Amphicoelias is a genus of herbivorous sauropod dinosaur. It includes what has sometimes been estimated to be the largest dinosaur specimen ever discovered, originally named “A. fragillimus“. Based on surviving descriptions of a single fossil bone, scientists had over the years estimated A. fragillimus to have been the longest known animal at 58 metres (190 ft) in length, with potentially a mass of up to 122.4 tonnes (134.9 short tons). However, because the only fossil remains were lost at some point after being studied and described in the 1870s, evidence survived only in drawings and field notes. More recent analysis of the surviving evidence, and the biological plausibility of such a large land animal, has suggested that the enormous size of this animal were over-estimates due partly to typographical errors in the original 1878 description.
The type species of Amphicoelias, A. altus, was named by paleontologist Edward Drinker Cope in December 1877 (though not published until 1878) for an incomplete skeleton consisting of two vertebrae, a pubis (hip bone), and a femur (upper leg bone). Cope also named a second species, A. fragillimus, in the same paper. However, all subsequent researchers have considered A. fragillimus to be a synonym of A. altus. Even by 1881 however, it was recognized that A. altus could not be distinguished from other genera, as the features described by Cope were misinterpreted and are widespread. In 1921, Osborn and Mook assigned additional bones to A. altus—a scapula (shoulder blade), a coracoid (shoulder bone), an ulna (lower arm bone), and a tooth. Henry Fairfield Osborn and Charles Craig Mook noted the overall close similarity between Amphicoelias and Diplodocus, as well as a few key differences, such as proportionally longer forelimbs in Amphicoelias than in Diplodocus. The dentition of Amphicoelias is homodont. Its teeth are shaped like long slender cylindrical rods, are spaced apart and project forward towards the front of the mouth. The femur of Amphicoelias is unusually long, slender, and round in cross section; while this roundness was once thought to be another distinguishing characteristic of Amphicoelias, it has since been found in some specimens of Diplodocus as well. A. altus was also similar in size to Diplodocus, estimated to be about 25 m (82 ft) long. While most scientists have used these details to distinguish Amphicoelias and Diplodocus as separate genera, at least one has suggested that Amphicoelias is probably the senior synonym of Diplodocus.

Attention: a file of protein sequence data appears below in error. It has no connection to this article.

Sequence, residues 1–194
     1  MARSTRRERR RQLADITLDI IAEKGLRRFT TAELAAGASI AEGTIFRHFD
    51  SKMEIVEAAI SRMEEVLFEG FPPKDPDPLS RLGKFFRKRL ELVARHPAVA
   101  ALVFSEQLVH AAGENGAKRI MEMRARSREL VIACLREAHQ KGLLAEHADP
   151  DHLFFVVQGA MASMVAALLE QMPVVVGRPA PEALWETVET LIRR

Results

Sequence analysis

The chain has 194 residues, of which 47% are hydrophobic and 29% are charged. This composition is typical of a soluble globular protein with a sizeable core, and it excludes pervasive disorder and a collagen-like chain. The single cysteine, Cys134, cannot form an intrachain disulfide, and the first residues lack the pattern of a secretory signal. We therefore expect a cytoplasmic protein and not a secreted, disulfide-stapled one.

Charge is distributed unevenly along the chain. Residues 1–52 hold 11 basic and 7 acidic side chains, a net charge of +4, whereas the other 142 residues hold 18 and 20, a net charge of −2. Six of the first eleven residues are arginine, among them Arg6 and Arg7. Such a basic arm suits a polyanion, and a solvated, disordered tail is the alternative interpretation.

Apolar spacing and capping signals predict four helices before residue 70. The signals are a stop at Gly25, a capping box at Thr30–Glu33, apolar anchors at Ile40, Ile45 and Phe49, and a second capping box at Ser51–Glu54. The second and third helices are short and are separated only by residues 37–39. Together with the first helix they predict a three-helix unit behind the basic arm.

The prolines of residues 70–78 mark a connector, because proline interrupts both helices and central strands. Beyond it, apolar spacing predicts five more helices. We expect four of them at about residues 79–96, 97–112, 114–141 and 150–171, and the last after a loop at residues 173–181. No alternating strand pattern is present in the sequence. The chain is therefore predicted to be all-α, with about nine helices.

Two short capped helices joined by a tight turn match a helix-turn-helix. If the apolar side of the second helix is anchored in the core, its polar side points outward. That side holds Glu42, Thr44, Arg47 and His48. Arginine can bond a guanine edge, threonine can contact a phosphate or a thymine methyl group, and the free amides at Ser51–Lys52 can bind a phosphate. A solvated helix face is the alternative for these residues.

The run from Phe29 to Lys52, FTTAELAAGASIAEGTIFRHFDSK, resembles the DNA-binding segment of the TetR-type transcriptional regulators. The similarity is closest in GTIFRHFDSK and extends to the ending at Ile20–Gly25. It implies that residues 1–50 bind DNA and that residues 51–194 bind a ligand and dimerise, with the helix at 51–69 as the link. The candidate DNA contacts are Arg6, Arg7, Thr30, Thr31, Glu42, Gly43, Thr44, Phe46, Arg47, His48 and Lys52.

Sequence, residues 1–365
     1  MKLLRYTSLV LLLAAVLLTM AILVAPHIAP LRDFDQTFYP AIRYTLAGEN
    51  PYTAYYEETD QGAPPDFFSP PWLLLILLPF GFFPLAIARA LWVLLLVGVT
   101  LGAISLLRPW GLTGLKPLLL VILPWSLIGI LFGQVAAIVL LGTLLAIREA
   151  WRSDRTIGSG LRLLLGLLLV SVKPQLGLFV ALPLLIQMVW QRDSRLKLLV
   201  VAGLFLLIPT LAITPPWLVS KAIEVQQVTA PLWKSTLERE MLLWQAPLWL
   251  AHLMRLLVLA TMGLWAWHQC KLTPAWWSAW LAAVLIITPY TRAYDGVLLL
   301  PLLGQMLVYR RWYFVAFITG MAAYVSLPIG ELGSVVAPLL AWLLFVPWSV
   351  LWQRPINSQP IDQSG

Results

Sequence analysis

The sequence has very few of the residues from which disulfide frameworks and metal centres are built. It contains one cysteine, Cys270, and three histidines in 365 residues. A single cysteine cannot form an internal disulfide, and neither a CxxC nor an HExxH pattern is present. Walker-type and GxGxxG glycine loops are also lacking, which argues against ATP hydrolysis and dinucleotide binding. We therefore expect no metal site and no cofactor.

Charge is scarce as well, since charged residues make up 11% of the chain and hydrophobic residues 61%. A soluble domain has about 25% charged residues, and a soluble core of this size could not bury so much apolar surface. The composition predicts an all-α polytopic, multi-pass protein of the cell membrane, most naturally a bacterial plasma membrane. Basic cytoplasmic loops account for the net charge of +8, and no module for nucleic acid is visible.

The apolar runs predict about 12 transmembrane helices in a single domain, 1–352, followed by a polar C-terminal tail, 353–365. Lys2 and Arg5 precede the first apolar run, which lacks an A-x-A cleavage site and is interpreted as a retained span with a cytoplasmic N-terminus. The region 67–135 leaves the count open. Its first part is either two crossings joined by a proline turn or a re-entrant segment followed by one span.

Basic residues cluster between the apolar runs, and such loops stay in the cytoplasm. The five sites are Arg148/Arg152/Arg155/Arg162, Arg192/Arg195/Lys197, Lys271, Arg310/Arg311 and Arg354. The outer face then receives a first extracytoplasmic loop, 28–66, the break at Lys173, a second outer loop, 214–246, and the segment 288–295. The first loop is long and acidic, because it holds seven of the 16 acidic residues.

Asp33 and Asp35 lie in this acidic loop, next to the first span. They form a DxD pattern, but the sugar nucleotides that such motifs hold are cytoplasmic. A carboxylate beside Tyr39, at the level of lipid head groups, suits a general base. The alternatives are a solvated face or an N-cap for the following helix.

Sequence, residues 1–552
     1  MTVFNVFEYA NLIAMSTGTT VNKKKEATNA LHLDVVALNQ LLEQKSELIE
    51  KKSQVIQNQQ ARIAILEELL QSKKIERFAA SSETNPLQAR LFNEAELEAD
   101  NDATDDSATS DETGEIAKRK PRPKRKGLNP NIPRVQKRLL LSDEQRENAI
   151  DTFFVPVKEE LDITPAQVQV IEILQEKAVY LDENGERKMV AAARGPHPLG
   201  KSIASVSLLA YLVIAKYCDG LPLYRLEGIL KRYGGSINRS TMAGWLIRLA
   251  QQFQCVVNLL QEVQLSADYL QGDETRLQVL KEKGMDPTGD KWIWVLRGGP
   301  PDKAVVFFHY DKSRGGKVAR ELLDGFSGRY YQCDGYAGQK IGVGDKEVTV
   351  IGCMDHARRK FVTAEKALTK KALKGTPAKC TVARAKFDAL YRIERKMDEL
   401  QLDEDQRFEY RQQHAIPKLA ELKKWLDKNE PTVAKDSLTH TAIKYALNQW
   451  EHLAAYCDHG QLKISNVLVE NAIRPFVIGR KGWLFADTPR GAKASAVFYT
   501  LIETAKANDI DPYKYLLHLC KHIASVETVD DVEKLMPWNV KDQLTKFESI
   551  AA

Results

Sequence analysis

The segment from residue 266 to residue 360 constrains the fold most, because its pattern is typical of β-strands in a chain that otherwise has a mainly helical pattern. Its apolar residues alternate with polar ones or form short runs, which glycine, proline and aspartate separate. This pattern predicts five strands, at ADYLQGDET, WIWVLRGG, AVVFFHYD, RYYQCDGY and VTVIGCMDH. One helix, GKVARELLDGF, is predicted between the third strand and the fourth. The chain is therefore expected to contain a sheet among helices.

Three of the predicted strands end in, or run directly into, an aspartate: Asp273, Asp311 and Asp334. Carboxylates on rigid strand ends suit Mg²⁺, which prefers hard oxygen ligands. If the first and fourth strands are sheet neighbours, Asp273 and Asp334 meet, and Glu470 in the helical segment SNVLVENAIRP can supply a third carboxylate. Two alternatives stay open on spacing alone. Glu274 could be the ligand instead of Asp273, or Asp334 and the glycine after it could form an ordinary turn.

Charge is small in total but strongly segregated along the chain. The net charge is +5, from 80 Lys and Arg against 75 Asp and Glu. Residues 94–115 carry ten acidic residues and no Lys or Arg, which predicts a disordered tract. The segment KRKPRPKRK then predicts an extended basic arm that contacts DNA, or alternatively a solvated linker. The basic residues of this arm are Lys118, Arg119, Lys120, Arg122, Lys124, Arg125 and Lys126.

Producing an estimate of the complete size of A. fragillimus requires scaling the bones of better-known species of diplodocid (a family of extremely long and slender sauropods) in the assumption that their relative proportions were similar. In his original paper, Cope did this by speculating on the size of a hypothetical A. fragillimus femur (upper leg bone). Cope noticed that in other sauropod dinosaurs, specifically A. altus and Camarasaurus supremus, the femora were always twice as tall as the tallest dorsal vertebra, and estimated the size of an A. fragillimus femur to be 12 ft (3.6 m) tall.